Today’s asset management solutions, which include purpose-built software for managing roadways, bridges, signs, signals, facilities and other infrastructure assets, do this and more by helping contractors unify their data sources and information sharing between departments. Now, instead of having one department for building and updating an asset, another for maintaining the asset, and yet another for tracking, reporting, and processing expenses related to that Active separately, each department is connected to the other through a common digital management solution that allows them to share consistent information in one place. This means cities, counties, and states can become much more efficient by eliminating redundant work tasks and information gaps that occur with traditional project transfers between siled teams.
Now is the time for government entities that manage and maintain existing infrastructure assets with a bespoke, manual, spreadsheet-heavy process to consider adopting a more sophisticated asset management system.
Adapt technology to project requirements
A recent report from the Dodge Construction Network shows that nearly 60% of construction project owners, including city, county and state governments, report frequent breakdowns in communication between themselves and external construction team members. project. Because digital tools can help bridge the communication gap between project teams, more than two-thirds contractually require contractors to use at least some digital practices.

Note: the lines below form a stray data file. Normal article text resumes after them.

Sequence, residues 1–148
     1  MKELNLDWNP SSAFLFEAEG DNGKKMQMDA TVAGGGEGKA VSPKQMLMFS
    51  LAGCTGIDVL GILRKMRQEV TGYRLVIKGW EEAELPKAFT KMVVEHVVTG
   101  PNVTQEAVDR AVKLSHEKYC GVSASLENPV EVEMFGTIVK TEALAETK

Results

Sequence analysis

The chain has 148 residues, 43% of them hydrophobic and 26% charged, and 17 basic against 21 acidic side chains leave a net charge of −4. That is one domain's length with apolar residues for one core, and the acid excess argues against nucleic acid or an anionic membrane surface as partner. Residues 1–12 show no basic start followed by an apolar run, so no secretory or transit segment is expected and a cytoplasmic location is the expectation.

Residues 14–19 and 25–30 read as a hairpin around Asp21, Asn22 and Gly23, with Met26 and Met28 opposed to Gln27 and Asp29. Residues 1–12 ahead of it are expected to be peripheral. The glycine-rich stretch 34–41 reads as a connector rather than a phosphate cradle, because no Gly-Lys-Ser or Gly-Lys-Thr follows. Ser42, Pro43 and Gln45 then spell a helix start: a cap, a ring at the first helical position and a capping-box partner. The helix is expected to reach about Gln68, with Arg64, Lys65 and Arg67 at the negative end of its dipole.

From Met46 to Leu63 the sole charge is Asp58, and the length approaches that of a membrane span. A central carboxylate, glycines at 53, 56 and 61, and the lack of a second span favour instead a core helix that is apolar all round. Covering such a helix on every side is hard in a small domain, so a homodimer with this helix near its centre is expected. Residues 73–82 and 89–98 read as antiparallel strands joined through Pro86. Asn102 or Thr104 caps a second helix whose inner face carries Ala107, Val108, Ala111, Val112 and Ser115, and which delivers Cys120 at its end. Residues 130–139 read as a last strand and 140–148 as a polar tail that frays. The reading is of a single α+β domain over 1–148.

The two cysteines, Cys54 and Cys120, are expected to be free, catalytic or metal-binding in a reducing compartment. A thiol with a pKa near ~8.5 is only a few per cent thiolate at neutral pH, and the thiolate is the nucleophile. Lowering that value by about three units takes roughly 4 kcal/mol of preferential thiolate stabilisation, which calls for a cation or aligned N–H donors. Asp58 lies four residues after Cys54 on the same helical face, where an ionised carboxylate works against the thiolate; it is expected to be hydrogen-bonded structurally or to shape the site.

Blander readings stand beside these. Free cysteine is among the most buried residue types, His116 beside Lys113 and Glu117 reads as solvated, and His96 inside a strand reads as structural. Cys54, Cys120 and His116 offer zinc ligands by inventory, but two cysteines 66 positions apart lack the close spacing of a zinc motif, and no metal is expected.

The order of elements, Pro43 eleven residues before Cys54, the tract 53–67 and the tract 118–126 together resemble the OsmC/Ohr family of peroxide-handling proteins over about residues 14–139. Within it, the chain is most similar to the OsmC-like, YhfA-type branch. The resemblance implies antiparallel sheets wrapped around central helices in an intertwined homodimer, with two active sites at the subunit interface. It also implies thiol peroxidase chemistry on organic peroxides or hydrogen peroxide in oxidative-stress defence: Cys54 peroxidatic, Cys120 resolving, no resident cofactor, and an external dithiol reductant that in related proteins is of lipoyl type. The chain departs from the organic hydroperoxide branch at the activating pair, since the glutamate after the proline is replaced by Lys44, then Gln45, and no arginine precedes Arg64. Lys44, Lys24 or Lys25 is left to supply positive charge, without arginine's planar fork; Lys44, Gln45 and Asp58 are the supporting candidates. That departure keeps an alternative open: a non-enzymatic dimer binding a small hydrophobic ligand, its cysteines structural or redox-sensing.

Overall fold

This includes the use of digital design and construction tools, connected project management software, and the use of technologies such as 3D milling and paving control on site, which help all building owners of the public sector to work from a common source of information and data. , allowing them to complete projects more efficiently, faster, safer, cheaper and more sustainably.
The more cities, counties and states can incorporate technology into their project requirements, the better we will be able to achieve our nation’s infrastructure goals, as technology offers a wide variety of benefits to project owners. of the public sector and to taxpayers, including considerable time and cost savings. From adopting digital construction plans to integrating project and asset management software across departments, technology is essential to update and modernize today’s infrastructure projects, enabling local and state governments to design, build and maintain infrastructure that will be more affordable, efficient and resilient for decades to come. to come.
Cyndee Hoagland is Senior Vice President of Public Sector at Trimble, where she is responsible for the strategic direction and execution of the company’s technology serving the owner and public sector markets and major infrastructure projects. For more information on Trimble solutions for the public sector, visit infrastructure.trimble.com.